Campsite Inventory (including training field surveys, hiking all trails, training, field testing of app and procedure): 200 hours; 13 volunteers
This is the most challenging project we have done to date: recording the location and condition of all the campsites in Dolly Sods accessible by a system trail. This required the Stewards to hike a several-mile trail segment, looking for signs of campsites, spend about 30 minutes at each site making measurements and observations, and often following obscure social trails leading to a string of sites. Each of the 33 segments typically took the better part of a day to complete. As a result, we discovered and reported on about 350 campsites.
Registration box monitoring and delivery (approx.): 50 trips x average 25 minutes: 21 hours; one volunteer
Maintaining the registration boxes, collecting the registration sheets, tallying them and summarizing the results allowed for the assessment of the popularity of different trailheads, proportions of day hikers and backpackers and other key usage information, for the first time in years. The data has led to an estimate that about 35,000 people visit the Dolly Sods backcountry during the course of a year.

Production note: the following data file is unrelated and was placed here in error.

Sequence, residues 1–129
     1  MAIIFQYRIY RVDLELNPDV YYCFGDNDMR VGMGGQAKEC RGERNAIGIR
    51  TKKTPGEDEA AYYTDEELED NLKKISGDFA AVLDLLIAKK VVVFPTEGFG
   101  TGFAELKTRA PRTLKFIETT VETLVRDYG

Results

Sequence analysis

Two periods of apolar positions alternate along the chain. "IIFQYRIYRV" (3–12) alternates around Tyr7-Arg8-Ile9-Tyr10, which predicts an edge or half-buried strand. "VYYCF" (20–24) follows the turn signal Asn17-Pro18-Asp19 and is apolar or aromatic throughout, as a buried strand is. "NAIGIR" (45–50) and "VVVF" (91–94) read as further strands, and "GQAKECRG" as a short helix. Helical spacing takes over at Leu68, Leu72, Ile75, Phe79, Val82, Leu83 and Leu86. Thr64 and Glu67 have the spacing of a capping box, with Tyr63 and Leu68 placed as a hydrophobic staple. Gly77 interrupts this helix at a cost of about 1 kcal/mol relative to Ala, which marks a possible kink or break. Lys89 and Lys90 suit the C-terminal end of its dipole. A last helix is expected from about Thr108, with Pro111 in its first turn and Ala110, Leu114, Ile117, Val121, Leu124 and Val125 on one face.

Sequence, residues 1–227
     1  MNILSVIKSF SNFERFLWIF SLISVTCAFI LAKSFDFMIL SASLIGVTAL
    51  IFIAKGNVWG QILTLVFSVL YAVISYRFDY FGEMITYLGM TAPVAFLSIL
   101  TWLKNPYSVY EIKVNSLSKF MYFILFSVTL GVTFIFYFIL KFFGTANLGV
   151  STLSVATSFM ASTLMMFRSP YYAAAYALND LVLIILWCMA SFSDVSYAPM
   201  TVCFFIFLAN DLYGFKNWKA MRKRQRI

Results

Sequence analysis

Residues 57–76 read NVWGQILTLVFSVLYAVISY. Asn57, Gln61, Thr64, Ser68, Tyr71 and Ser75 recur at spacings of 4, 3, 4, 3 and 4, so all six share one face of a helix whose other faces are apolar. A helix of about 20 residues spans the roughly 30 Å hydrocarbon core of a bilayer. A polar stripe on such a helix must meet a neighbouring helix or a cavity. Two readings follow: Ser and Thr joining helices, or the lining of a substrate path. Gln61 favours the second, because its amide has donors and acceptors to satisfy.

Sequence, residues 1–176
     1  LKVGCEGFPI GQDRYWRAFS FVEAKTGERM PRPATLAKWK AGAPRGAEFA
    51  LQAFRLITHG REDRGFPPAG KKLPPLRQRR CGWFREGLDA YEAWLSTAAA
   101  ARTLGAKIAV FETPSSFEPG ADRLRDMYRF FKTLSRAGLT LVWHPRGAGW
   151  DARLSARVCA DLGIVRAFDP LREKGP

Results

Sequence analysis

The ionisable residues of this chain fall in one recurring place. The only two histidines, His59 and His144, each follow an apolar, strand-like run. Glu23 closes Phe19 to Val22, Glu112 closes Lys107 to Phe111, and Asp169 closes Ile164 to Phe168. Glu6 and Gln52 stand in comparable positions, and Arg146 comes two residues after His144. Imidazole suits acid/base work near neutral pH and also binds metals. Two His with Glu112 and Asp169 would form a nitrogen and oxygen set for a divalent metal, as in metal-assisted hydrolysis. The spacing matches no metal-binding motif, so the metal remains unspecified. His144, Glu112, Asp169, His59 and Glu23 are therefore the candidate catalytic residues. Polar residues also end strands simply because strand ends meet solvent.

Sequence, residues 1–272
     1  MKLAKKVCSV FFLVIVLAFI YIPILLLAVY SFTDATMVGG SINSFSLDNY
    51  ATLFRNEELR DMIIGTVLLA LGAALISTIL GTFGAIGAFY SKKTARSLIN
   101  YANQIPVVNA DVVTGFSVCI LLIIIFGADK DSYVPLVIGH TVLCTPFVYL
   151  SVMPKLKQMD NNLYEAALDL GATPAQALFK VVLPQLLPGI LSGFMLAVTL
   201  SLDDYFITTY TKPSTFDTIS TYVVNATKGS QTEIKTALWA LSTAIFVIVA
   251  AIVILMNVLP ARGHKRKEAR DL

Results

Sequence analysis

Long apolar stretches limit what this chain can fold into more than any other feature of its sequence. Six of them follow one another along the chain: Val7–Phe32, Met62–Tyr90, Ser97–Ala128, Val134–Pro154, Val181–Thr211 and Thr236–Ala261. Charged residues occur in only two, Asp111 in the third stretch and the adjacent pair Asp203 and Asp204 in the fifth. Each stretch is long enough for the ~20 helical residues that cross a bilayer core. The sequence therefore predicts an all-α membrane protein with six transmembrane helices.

Total Volunteer-hours in the field: 955.5 hours
Development and admin time not included in above (approx.): Includes office time, research, promotion and speaking, development of forms and procedures, contact with volunteers, organizing training and project schedules, etc: 650 hrs.
Total Volunteer-hours: 1605.5 hours
This is an impressive result, especially for a volunteer program completing its first full year of activity. While it is impossible, at this point, to quantify the positive impact on the well-being of Dolly Sods Wilderness, we have every reason to believe the efforts of the Stewards are contributing to the preservation of its wilderness character. The Trailhead Stewards engaged in direct contact with visitors, which almost certainly caused many of them to think twice about how to conduct themselves in the wilderness. The data we collected through registration boxes, solitude, and campsite monitoring gives the Forest Service solid evidence on which to base decisions and actions to effectively manage the wilderness.
I provided this information in my report to the WVHC Board during the Fall Review. I want to pass on the Board’s enthusiastic and heartfelt thanks to all our volunteer Wilderness Stewards for their dedication, skill and effectiveness in supporting Dolly Sods. You truly are making a difference, one that may well last long into the future.
Would you like to be part of the exiting activities we are doing and planning for the Dolly Sods Wilderness Stewards? Visit the Dolly Sods Wilderness Stewards webpage. You can find a sign-up form on the site, and can indicate the programs(s) you are interested in. Once you sign up we will be contacting you once these programs are ready to be implemented.